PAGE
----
The opinion of the court was delivered by: GRIM
In this habeas corpus petition, relator, a state prisoner, asserts among other contentions that his court-appointed attorneys were not present in court when, in 1947, he was sentenced to life imprisonment following a plea of guilty to a general charge of murder. Relator contends that the absence of counsel at this sentencing violated his constitutional rights.
Relator has exhausted his state remedies. Commonwealth ex rel. Wagner v. Myers, Court of Common Pleas of Philadelphia County, June Term, 1963, No. 5266, aff'd 414 Pa. 35, 198 A.2d 540 (1964). This court directed the respondent to show cause why the writ of habeas corpus should not be granted and appointed counsel to represent relator. A hearing has been held in this court at which relator was present, assisted by counsel, and testified at length. The bills on which relator was indicted as well as the transcript of the state court hearings in 1947 were made a part of the record of this case.
Relator was indicted on July 16, 1947 for murder and manslaughter. On that same day relator executed an 'affidavit of Destitute Circumstances * * *' and requested the appointment of counsel to assist him. On July 21, 1947, the state court assigned two attorneys to defend him. On September 4, 1947, before a three-judge court, relator, being represented by counsel, entered a plea of guilty to murder generally. Thereupon, three judges sat and heard evidence to determine the degree of guilt. The Commonwealth and defense presented evidence on this issue but no decision on the degree of guilt or sentence was rendered at this September 4th hearing. On September 12, 1947, relator was brought into court and sentenced to life imprisonment. The state court record does not indicate that relator's attorneys were present in court at this time. The entire transcript of the September 12th proceeding is as follows:
'(The defendant was brought to the bar of the Court for sentence.)
'JUDGE McDEVITT: We have adjudged you guilty of murder of the first degree and fix the penalty at life imprisonment.
'The sentence of the Court is that you undergo imprisonment for the rest of your natural life in the manner prescribed by law in the Eastern State Penitentiary at separate and solitary confinement at hard labor.
'(Sentence: Life Imprisonment in the Eastern State Penitentiary.)'
Also in evidence is the murder bill of indictment on which is endorsed the following:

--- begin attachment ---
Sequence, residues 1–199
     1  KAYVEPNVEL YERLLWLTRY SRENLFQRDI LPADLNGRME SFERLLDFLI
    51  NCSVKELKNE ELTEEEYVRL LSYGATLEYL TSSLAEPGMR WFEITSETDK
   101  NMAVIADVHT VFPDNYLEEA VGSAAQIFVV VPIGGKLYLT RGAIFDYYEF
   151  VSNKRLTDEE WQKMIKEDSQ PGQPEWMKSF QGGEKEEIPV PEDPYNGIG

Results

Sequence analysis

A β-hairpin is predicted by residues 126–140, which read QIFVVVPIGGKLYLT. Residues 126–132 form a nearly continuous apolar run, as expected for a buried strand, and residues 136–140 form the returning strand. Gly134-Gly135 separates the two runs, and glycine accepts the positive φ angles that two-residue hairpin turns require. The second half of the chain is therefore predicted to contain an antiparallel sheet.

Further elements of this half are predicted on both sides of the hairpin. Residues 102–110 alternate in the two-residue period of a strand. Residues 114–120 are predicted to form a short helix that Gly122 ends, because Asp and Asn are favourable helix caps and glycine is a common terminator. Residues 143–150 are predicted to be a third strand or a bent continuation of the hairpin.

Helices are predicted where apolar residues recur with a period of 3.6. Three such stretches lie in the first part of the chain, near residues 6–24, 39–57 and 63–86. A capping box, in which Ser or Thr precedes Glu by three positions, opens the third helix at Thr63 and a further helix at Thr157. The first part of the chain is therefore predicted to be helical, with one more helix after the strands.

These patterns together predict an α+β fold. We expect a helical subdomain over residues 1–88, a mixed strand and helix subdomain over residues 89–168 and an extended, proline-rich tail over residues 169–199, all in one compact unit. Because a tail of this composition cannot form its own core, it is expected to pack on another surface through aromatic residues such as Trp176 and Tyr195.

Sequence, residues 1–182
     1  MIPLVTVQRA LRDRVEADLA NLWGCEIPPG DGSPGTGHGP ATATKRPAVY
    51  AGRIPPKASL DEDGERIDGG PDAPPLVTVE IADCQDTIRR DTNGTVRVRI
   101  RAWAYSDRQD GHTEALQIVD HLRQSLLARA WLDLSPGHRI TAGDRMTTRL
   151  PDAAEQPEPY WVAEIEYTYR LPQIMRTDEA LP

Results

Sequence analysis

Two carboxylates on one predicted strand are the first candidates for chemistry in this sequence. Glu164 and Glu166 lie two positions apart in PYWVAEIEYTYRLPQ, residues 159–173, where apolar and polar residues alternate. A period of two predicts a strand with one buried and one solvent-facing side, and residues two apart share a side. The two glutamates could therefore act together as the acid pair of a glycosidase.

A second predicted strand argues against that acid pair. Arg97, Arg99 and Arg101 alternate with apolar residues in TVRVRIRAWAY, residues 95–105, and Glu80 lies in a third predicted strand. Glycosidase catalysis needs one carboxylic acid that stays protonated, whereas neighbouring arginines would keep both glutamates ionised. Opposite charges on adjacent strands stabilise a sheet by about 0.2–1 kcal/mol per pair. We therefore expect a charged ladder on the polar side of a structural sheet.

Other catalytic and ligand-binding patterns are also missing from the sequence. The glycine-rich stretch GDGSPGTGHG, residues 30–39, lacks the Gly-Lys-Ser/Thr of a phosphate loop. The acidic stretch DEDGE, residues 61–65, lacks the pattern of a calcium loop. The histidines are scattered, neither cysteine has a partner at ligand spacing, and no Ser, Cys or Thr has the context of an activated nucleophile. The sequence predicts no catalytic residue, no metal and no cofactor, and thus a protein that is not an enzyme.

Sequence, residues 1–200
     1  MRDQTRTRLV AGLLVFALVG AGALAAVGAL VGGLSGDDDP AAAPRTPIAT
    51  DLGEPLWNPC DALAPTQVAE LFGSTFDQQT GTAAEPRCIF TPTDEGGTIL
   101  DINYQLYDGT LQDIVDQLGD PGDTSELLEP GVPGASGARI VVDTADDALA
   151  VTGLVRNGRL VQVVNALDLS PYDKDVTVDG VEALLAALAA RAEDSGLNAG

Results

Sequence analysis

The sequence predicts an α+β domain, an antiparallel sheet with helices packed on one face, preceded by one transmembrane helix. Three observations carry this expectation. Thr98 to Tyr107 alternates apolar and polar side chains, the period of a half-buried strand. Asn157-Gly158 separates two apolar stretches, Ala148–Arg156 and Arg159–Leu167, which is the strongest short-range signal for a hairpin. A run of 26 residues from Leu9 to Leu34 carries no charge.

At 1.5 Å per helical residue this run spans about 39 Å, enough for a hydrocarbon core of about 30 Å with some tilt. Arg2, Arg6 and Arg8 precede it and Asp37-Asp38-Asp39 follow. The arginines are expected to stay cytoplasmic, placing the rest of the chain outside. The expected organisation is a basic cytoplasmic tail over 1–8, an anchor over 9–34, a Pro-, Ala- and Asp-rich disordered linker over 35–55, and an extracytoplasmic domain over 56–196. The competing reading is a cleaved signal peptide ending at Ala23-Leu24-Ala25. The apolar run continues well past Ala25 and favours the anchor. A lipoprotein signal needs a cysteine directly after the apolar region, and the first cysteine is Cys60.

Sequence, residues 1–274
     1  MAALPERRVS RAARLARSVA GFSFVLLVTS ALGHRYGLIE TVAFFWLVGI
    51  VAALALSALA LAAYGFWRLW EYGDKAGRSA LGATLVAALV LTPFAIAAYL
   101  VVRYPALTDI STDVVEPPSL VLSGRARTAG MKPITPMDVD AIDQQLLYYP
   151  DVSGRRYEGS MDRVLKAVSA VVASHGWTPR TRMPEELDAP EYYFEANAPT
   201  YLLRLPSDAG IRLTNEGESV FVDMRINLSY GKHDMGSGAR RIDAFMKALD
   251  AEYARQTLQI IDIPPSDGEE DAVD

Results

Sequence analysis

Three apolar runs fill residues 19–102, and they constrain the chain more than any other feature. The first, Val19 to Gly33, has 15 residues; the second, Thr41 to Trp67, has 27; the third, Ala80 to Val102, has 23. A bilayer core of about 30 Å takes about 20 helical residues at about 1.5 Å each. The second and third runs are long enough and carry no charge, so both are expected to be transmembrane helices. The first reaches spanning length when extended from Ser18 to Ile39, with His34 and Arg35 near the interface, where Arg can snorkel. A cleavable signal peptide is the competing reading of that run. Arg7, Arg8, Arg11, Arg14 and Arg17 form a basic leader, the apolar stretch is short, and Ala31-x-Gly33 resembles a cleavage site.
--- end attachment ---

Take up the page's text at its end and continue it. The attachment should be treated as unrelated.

'9/12/47 Defendant William A. Wagner, Jr. adjudged Guilty of Murder of first degree with the penalty Sentence of Life Imprisonment in the Eastern State Penitentiary.
'BY THE COURT '(s) H. S. McDevitt, J. '(s) Joseph Sloane '(s) Frank Smith, J.'
Relator testified at the habeas corpus hearing in this court that his court-appointed attorneys were not present in the state court on September 12, 1947 and that he did not see or hear from his attorneys after the September 4th hearing. As pointed out above, the state transcript does not indicate that any attorney was present in court when relator was sentenced. The attorneys who participated in the 1947 proceedings did not testify in this court since it appears that they were deceased at the time of the hearing in this court. The Commonwealth offered no evidence to show that any attorneys were present in court when relator was sentenced.
In this state of the record, I find as a fact that relator was not represented by counsel on September 12, 1947 when he was sentenced. The Commonwealth of Pennsylvania, almost conceding this fact, argues that the possible absence of counsel on September 12th resulted in no prejudice to relator since he had been represented by counsel at the hearing on September 4, 1947 when the three judges sat to determine the degree of guilt and the amount of the sentence. In reference to this, the Commonwealth states (paragraph 2 of Commonwealth's Answer to Petition) that the only thing that happened on September 12th was the
'* * * formal public announcement of that which had already been concluded, i.e. the determination of the degree and the fixing of the penalty * * * (which) * * * was of no more significance than a postcard ...